Trying to Lose Weight? Here's Why Strength Training Is as Important as Cardio

Don't spend all your energy on the treadmill if you're trying to drop a pants size. Strength training is an important way to boost your weight loss. Here's why—and how.

Don't spend all your energy on the treadmill if you're trying to drop a pants size. Strength training is an important way to boost your weight loss. Here's why—and how.

By Laurie Herr, EatingWell

Trying to lose a few pounds, but the scale won't budge? Try adding more weight—at the gym. Weight training—using free weights or weight machines to build muscle—is a type of strength training that not only can help you slim down, but also can gain you a ton of other health benefits.

The best part: You don't have to spend all your time in the weight room. You can even do it at home, without fancy equipment. Here's why weight training may be what you need to get the scale moving in the right direction, plus a few tips and moves to get you started.

Read More: How to Eat to Improve Your Workout

Burn More Calories

It's really pretty simple: Weight training builds muscle, and muscle burns more calories than fat—up to three times more, according to some estimates.

"Muscles are fat-burning machines," says Wendy Batts, a regional master instructor for the National Academy of Sports Medicine. "So the more muscle you have, the more calories you're going to burn."

It doesn't end after you leave the gym either. Your body is still torching calories for the next 24 to 48 hours as it works to repair stressed muscle tissues. That's known as the afterburn effect, another name for excess post-exercise oxygen consumption (EPOC). The more oxygen you use both during and after a workout, the greater the EPOC. And studies show strength training is one of the best ways to do it.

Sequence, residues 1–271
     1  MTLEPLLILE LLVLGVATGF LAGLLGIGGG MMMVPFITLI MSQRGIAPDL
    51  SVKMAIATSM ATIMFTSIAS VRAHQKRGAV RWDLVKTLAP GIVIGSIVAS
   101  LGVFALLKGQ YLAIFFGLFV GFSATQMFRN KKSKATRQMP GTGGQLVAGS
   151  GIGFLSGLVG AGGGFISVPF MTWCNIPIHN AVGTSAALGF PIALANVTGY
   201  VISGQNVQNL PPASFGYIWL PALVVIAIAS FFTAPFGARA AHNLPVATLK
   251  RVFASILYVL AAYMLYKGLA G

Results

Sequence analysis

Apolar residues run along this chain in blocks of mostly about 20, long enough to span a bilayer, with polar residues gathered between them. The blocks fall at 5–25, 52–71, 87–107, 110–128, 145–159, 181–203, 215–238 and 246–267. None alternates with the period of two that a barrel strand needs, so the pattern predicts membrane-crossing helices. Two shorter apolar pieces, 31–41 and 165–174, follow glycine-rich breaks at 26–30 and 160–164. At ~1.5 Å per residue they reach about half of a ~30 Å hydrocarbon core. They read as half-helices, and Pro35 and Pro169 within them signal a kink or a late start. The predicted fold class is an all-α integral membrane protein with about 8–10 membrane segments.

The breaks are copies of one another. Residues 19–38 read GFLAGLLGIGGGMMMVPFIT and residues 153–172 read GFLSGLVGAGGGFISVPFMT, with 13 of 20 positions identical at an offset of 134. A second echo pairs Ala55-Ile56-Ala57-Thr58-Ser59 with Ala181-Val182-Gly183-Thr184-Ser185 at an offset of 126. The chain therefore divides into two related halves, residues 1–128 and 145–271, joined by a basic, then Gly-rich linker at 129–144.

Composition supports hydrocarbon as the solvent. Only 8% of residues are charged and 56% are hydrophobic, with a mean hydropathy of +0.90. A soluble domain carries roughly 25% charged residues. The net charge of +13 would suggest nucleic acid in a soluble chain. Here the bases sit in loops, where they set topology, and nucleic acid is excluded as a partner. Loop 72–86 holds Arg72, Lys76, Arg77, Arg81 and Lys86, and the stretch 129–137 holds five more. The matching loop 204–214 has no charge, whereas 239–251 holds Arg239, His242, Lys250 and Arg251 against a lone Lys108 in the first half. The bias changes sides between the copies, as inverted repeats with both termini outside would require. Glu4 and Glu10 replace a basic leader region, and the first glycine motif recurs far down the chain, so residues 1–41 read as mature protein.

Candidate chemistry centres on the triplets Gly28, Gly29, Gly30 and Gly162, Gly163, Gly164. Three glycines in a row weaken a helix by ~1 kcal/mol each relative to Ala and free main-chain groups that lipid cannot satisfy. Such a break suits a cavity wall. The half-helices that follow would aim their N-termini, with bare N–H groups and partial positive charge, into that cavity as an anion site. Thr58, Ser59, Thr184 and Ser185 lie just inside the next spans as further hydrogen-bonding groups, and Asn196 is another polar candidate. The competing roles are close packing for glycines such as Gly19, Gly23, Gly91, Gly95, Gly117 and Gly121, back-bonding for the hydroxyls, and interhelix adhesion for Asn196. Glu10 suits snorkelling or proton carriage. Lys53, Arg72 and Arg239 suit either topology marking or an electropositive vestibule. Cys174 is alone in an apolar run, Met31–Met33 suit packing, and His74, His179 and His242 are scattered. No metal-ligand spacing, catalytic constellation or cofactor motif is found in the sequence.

All of this is very good news if you're trying to lose weight.

Think about it. With weight training, you're revving up your calorie burn. You're boosting your metabolism—possibly by up to 5 percent, according to one nine-month study. And since you're likely already watching what you eat, your exercise routine is now working with your diet to help you shed those unwanted pounds.

"Obviously, burning more calories throughout your day, combined with a sensible diet, is going to maximize your weight loss," Batts says.

Not only that, but it helps keep the weight off, too. One study found that less than an hour and a half each week of resistance training helped keep dieters from gaining back weight, and especially harmful belly fat.

Related: What Is Visceral Fat and How to Lose It

Health Benefits of Strength Training

The benefits go beyond the bathroom scale, too.

"Weight training improves your posture, helps your endurance, builds strength and reduces your chance of injuries," Batts says. Research shows it can also boost heart health, improve cholesterol and increase bone density. It also slows the inevitable strength decline as we age, as it keeps our muscles from turning to mush—and being replaced with fat—as we get older.

Oh, and one thing weight training doesn't do: it won't make you bulk up.